U.S. government must continue supporting Afghanistan even after planned troop withdrawal, scholars say

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President Joe Biden’s recent announcement revealing his intent to withdraw all U.S. troops from Afghanistan by Sept. 11, 2021 “read as irresponsible in a way that felt unnecessary,” said University of Minnesota global policy professor Dipali Mukhopadhyay at a Tuesday event.

Both Mukhopadhyay and Stanford Center for International Security and Cooperation postdoctoral fellow Asfandyar Mir ’12 M.A. ’13, made it clear that they supported the withdrawal of troops from Afghanistan.

Mukhopadhyay said she found “the deprioritization of counterterrorism” to be a welcome measure “in the face of climate change and great power politics”: present-day struggles she believes to be of greater importance. Mir added that, in contrast to conventional foreign policy wisdom, the presence of American troops in Afghanistan did not serve as effective leverage against the Taliban.

While withdrawing troops, the U.S. must continue to provide economic support and military aid to the Afghan government to prevent terrible bloodshed, according to Mir and Mukhopadhyay.

There “are many things that the U.S. government can do to give the best chance for peace and improved governance,” Mukhopadhyay said.

However, Mukhopadhyay and Mir both expressed concern that the Taliban would be emboldened with the knowledge of a concrete American withdrawal date. Mukhopadhyay said that the Taliban no longer has any incentive to participate in power-sharing negotiations, especially if it operates on the “false, but not irrational” presumption that the Republic of Afghanistan will now collapse in September.

Before Biden’s Tuesday announcement, the planned troop withdrawal date was May 1. However, Stanford Walter H. Shorenstein Asia-Pacific Research Center research scholar Arzan Tarapore said that “there was always an expectation that date was going to be violated.” This provided a measure of incentive for the Taliban to participate in power-sharing negotiations with the Republic of Afghanistan at the conference the U.S. plans to host.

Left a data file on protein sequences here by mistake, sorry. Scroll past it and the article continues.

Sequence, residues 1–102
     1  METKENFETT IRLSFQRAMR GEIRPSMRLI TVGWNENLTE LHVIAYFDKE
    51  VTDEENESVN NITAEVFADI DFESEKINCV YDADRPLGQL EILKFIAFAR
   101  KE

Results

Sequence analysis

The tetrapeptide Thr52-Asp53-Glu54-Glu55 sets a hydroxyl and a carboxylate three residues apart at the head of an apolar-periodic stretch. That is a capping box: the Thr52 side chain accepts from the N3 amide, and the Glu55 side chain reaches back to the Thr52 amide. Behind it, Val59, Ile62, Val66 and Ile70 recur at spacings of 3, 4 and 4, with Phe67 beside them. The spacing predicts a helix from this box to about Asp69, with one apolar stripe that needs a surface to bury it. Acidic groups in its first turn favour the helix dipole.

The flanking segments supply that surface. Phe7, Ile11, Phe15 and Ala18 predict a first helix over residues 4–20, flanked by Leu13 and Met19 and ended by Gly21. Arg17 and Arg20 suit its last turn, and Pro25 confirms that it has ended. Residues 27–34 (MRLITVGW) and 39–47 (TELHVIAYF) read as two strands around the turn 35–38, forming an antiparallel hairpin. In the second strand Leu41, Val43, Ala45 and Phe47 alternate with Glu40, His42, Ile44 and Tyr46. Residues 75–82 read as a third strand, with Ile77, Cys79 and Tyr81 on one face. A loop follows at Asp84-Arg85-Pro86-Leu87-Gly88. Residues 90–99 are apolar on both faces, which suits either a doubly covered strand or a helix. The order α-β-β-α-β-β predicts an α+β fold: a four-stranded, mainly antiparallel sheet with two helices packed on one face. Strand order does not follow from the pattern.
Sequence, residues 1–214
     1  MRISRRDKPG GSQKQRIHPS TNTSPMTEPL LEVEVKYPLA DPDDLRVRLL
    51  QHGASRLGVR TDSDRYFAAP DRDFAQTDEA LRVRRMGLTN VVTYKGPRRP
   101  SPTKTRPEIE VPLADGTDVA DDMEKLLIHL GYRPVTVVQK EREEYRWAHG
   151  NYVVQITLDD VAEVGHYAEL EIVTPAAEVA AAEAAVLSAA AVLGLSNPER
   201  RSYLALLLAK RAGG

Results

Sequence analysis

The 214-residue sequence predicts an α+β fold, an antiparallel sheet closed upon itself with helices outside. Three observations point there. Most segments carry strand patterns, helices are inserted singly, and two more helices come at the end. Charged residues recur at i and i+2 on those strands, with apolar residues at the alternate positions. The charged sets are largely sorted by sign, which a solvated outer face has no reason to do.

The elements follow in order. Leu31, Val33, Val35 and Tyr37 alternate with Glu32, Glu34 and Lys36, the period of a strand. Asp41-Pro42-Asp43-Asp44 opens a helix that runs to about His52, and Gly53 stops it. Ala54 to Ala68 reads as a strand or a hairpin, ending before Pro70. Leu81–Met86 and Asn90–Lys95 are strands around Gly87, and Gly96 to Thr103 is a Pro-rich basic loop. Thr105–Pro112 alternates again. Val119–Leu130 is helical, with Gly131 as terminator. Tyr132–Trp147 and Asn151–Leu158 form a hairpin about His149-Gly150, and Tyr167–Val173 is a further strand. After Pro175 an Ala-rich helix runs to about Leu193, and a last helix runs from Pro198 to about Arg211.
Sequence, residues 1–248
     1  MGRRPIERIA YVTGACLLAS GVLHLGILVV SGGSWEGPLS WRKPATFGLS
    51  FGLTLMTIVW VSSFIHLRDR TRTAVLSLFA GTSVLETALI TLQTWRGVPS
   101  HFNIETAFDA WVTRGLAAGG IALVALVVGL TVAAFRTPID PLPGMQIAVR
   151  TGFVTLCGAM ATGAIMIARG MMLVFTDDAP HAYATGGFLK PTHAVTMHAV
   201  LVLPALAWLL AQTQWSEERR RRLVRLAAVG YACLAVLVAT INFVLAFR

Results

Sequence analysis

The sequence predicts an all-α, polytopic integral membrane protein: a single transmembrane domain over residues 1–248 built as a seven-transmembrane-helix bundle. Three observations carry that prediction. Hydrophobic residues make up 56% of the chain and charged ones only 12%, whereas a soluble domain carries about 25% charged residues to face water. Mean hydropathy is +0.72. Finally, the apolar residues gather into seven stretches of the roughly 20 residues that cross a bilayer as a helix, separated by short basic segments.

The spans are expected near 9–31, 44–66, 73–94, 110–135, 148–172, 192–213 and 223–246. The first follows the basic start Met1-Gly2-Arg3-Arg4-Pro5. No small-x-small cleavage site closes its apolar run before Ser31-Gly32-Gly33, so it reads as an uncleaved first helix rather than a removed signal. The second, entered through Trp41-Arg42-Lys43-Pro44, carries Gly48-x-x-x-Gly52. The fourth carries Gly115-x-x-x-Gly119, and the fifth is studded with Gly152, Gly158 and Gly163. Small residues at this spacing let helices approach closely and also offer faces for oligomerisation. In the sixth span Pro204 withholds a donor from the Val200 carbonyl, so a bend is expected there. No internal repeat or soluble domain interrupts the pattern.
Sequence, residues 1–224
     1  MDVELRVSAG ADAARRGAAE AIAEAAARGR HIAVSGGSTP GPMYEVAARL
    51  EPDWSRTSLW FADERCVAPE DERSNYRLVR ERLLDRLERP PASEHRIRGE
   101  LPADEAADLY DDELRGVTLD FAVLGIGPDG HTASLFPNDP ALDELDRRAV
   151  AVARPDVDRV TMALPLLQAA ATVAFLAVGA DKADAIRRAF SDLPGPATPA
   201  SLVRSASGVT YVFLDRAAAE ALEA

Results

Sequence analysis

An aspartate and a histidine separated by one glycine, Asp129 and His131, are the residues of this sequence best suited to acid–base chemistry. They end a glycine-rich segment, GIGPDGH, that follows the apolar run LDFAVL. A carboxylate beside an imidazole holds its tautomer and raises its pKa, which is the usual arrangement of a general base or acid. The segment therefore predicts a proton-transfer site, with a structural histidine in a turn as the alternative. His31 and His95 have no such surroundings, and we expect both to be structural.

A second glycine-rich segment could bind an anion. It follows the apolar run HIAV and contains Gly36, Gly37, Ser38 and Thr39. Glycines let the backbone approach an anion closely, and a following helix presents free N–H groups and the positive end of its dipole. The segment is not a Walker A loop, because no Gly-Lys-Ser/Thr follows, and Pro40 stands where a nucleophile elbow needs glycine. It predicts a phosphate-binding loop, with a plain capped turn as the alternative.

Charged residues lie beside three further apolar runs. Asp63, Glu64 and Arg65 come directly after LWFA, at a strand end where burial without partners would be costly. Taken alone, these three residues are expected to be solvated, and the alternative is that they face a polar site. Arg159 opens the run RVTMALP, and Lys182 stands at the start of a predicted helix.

Although the Taliban has made clear that they do not intend to attend any peace talks until all foreign powers leave Afghanistan, Mukhopadhyay said that the U.S. may yet retain two sources of leverage against the Taliban: “the Taliban’s long-standing wish for international recognition,” and the “punishing sanctions” the U.N. Security Council levied against the Taliban.

Neither Mukhopadhyay nor Mir believe these leveraging points could convince the Taliban to sever ties with Al-Qaeda. In fact, Mir thinks that the U.S. foreign policy establishment under both Biden and former President Donald Trump believes forcing such a break to be “a lost cause.”

As for the power dynamics between the Taliban and the Republic of Afghanistan, Mir said he considered “the balance of power to be in the favor of the Taliban.” He said that the Taliban possesses much more “cohesion as a political organization” than the Republic of Afghanistan.

Mir even believes that the Taliban as a political machine is “more formidable than it has ever been.” Mukhopadhyay fears that the conflict between the Republic and the Taliban after U.S. withdrawal could devolve into “an even more horrific civil war” than what has already transpired.

“I hope that the administration, and President Biden in particular, feel some moral burden of the U.S.,” Mir said.

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Jed Ngalande ‘23 is a Staff Writer for Vol. 259 Academic News.